UN Women condemns violence against Afghan women and calls for justice
Date: Friday, July 13, 2012
Statement by Michelle Bachelet Under-Secretary-General and Executive Director of UN Women, 13 July 2012.
In recent weeks, the Afghan nation has witnessed cases of extreme abuse and appalling violence against women. The torture and rape of a young woman, Lal Bibi, by Afghan Local Police (ALP) and the public execution of a young woman, Najiba, has sparked national and international outrage. These cases have once again focused attention on the continuing and urgent need to protect women's and girls' rights as the world redefines its role in Afghanistan, and as the Government of Afghanistan moves forward in transition.
Such brutality is intolerable and UN Women calls upon the Afghan government to act with urgency to respond to these crimes, bringing the perpetrators to justice, and to end a culture of impunity and create a culture of zero tolerance of violence and discrimination against women and girls.
With increased cases of violence against women being reported by Afghanistan's independent Human Rights Commission, and as the International Security Force draws down, it is vital that the important gains made for and with women over the past decade are advanced and sustained and women are fully engaged in charting the future of Afghanistan.
If Afghan women and girls continue to be ignored within the major decision-making processes affecting their country, the vision of a more secure, prosperous and stable Afghanistan cannot be realized.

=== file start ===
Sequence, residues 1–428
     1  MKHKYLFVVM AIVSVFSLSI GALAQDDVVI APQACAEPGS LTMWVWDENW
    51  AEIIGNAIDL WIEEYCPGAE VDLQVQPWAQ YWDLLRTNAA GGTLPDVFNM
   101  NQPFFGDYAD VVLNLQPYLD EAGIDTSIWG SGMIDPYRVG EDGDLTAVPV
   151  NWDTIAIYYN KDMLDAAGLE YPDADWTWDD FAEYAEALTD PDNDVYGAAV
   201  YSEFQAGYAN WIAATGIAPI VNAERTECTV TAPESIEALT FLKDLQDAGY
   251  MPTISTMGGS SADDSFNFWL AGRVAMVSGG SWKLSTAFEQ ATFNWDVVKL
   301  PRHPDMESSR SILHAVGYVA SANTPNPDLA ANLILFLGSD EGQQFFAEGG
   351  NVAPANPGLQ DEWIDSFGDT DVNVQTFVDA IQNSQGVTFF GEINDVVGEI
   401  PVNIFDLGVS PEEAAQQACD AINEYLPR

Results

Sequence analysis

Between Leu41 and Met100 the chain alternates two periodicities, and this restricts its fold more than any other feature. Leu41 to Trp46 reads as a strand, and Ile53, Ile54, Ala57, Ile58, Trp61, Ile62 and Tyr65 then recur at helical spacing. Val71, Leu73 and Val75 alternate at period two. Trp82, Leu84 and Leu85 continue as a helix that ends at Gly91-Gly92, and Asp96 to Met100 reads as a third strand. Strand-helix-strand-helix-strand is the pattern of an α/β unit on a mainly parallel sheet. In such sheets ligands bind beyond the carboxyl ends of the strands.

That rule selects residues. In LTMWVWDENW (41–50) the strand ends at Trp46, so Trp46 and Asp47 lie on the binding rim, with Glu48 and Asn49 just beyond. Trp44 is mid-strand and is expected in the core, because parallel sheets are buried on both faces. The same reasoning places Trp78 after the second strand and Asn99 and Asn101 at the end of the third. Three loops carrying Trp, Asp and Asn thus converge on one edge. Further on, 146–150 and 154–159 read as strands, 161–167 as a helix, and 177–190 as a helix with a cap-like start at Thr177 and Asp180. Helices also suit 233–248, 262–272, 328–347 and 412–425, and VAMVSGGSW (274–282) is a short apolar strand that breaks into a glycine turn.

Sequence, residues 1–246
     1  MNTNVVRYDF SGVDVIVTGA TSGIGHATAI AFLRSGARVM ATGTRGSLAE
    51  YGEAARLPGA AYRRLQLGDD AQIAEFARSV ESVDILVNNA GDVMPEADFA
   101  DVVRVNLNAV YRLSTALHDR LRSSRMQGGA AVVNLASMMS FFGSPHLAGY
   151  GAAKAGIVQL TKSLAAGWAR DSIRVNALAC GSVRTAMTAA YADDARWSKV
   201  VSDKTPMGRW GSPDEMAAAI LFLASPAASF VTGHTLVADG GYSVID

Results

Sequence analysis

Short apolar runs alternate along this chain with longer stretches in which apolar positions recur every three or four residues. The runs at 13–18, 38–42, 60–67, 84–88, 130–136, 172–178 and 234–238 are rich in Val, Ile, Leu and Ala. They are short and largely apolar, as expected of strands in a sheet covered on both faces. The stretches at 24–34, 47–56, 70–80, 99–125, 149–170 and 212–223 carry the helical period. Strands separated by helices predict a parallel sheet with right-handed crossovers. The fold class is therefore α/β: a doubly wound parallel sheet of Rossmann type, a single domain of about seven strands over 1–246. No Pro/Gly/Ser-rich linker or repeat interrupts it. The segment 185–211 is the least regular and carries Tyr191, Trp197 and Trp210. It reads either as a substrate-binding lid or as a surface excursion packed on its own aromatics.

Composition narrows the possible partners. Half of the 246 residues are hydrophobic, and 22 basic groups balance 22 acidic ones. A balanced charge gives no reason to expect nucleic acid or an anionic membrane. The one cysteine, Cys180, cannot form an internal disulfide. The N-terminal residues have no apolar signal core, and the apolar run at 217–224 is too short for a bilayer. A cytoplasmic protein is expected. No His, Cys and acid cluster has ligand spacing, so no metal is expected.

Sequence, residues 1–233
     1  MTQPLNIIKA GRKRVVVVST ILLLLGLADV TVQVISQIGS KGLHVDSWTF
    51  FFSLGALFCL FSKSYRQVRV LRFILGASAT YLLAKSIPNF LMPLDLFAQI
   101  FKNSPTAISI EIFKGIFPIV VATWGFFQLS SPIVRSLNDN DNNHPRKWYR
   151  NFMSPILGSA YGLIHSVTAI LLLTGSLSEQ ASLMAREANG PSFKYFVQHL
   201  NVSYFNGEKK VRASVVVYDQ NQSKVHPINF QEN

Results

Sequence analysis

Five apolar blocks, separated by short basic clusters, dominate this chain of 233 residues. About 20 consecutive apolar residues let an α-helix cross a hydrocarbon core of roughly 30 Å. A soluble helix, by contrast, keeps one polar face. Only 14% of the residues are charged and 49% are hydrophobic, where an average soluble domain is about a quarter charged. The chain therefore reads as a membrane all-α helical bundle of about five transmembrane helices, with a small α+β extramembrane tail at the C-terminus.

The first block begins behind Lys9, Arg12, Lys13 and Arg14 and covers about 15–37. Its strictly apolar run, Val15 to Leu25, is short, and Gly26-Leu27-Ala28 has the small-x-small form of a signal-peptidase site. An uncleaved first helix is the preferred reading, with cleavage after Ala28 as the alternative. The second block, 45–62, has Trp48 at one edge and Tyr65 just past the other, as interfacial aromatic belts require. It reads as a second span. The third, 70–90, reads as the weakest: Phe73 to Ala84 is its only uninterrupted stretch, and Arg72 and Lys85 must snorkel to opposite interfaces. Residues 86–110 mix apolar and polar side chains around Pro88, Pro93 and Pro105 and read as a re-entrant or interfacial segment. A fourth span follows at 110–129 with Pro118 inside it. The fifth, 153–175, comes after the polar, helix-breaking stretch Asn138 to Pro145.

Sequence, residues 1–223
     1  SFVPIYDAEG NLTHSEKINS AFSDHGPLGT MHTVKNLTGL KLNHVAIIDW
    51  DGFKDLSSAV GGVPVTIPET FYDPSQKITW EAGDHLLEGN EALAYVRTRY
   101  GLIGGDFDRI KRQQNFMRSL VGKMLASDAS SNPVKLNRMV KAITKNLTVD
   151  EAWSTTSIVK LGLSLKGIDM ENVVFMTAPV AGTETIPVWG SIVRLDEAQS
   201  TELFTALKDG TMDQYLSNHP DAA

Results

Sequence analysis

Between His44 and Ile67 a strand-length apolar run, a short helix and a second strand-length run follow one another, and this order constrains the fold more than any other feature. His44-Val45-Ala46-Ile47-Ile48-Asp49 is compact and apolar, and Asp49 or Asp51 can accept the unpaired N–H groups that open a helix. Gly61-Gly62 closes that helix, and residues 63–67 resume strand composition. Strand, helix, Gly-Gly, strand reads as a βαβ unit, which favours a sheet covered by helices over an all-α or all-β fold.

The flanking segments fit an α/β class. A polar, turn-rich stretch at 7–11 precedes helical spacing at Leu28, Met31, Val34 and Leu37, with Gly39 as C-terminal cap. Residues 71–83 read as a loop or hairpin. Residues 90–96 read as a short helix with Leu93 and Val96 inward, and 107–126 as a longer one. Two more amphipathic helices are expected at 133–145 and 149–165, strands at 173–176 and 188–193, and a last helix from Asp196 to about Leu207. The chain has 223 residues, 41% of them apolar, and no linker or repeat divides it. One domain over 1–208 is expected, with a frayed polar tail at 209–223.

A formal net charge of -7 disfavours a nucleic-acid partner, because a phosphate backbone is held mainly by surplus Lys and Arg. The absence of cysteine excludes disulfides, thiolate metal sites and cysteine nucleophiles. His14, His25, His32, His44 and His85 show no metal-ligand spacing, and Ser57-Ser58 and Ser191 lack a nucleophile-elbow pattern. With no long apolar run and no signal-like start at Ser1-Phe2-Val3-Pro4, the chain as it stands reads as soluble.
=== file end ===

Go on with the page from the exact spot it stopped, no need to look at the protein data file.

Last Sunday the international community pledged $16 billion in funding for Afghanistan at the donor conference in Tokyo. By devoting a significant portion of these funds to justice and full participation for Afghan girls and women, Afghanistan will stand a better chance of achieving peace and democracy. It is essential that the Government of Afghanistan and international community stand by commitments made in Tokyo. This includes commitments to improve access to justice for all, in particular women, by ensuring the Constitution and other fundamental laws are “enforced expeditiously, fairly and transparently and to ensure the implementation of the Ending Violence against Women Law, including “through services to victims as well as law enforcement.
To ensure progress for Afghanistan, we must act in solidarity to prioritise women's rights, equality and accountability, and in ending impunity for violence against women and girls. UN Women remains committed to working with the Government and people of Afghanistan to advance women's empowerment and gender equality.
In New York: Mandy Kibel, +1 646.781.4522; mandy.kibel[at]unwomen.org